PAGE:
The Civil Wars’ latest album (last album?) is very appropriately titled “The Civil Wars.” I’d be remiss to not mention the civil war between band members John Paul White and Joy Williams, both of whom have not talked to each other since they abruptly cancelled their tour last fall. According to both Williams and producer Charlie Peacock the two can’t even be in the same room with each other right now.
And that is such a shame, because the Civil Wars make tremendous music together. White has been curiously mum on the whole situation, and Williams has taken it upon herself to speak and do interviews and the like. That’s all well and good, but to try and promote an album where the band isn’t even on speaking terms is virtually impossible without at least talking about what’s going on. I’ve read several interviews with Williams, and when she talks about the future of the Civil Wars she remains hopeful, but you can tell that this is the last thing we will ever hear from them as a unit. Williams has, occasionally, exploited the situation — whether to further her career or sell albums remains to be seen — and has been very open about what is going on without ever saying a bad word about White. Apparently they had differences in ambition, but there was also some long-standing tension between the two that finally boiled over and now they are at a place neither wants to repair what’s broken. So basically: even they don’t know what happened.
But man, if this album is any indication what we get when the two have problems, then bring it on. Peacock said that even though the two can’t stand to talk to each other, they still have that connection musically and remain committed to making the best music possible.
The whole album definitely feels like a break-up album: it’s moody and dark and complex and sexy and so, so complicated. Williams called it “the ache of monogamy” and I can totally see where she’s coming from. Williams and White have never been better and in “Same Old Same Old” we get lyrics such as “Do I love you/ Oh I do/ And I’m going to till I’m gone/ But if you think I can stay in this same old same old, well/ I don’t.” Powerful lyrics and the song plays as a duet with both voices taking control of the song, with neither one the clear lead. Another song, “Eavesdrop” is along the same kind of lines: “Oh who says it ever has to end/ Oh don’t say it’s over/ Oh no say it ain’t so.” Both song are so sad and lonely, when all of the sudden “Eavesdrop” goes from melancholy to a flat-out rock anthem toward the end.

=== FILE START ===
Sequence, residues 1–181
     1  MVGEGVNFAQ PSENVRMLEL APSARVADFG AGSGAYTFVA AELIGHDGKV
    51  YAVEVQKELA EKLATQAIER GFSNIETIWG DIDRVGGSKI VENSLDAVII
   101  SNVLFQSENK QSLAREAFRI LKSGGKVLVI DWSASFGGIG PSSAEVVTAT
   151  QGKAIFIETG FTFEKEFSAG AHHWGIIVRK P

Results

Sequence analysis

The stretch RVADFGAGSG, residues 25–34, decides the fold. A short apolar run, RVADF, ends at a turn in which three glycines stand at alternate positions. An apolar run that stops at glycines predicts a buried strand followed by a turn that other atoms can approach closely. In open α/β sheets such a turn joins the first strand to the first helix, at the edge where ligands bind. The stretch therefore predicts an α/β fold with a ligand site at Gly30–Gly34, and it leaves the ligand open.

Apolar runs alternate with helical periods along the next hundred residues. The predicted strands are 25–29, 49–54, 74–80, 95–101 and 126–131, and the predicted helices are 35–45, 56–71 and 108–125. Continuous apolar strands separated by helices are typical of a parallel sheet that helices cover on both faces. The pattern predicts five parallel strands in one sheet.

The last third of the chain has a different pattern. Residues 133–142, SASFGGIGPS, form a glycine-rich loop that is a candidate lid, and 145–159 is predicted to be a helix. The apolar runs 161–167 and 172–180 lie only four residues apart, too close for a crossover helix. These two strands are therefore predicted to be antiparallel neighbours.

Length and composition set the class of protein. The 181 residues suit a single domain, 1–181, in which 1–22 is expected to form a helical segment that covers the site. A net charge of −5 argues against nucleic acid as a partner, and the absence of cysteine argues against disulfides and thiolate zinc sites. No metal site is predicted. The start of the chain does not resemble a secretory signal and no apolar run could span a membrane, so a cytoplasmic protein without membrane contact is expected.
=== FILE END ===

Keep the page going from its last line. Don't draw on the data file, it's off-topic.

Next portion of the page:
It’s not all depressing and sad, however. Apart from “The One That Got Away” my favorite song on the album is “From This Valley.” This one sounds like a typical Civil Wars song with Williams and White’s harmonies at their best. “From This Valley” is a rousing, spiritual-type song with a nice southern flair. Strong vocals and harmonies, with, again, neither voice acting as lead, makes this one a strong contender for song of the year.
Williams and White wrote every song on the album, but they do have a sublime cover of the Smashing Pumpkins hit “Disarm.” This one is all John Paul’s with Williams’s haunting harmonies matching White’s ethereal, eerie, incredible voice. The song takes a bit to get into, but by the time the song reaches its climax it’s better than the original, which is incredibly high praise. The song is a great ear-splosion that I have listened to dozens of times. This is the only song on the album the duo performed live before they broke up, so look for it YouTube and be impressed.
Overall this album is much more elaborate instrumentally. Their debut EP was mostly acoustic driven, while this one has electric guitars and drums in many of the songs. It’s a great way for the band to stay who they are while also getting a little more creative. And as a result we get a wider range of music, that once again fails to be classified as one genre. Is it country? Blues? Rock? Who knows, and that’s what makes the album so fun. Yes, it’s sad and lonely, but it’s also incredibly angry and moody. There’s so many layers to the album, much like there’s so many layers to the story of White and Williams.
It’s a shame that Williams and White are going through such turmoil, because the Civil Wars are the best thing about today’s music. They make the music they want, and it’s some of the best, bravest music around. It’s a shame we will never see the two perform these songs live and see their chemistry on stage one last time. Who knows; maybe the two will reunite at the Grammys when they are inevitable nominated for every award next year. Until then, let’s listen and try to imagine how The Civil Wars can top this album.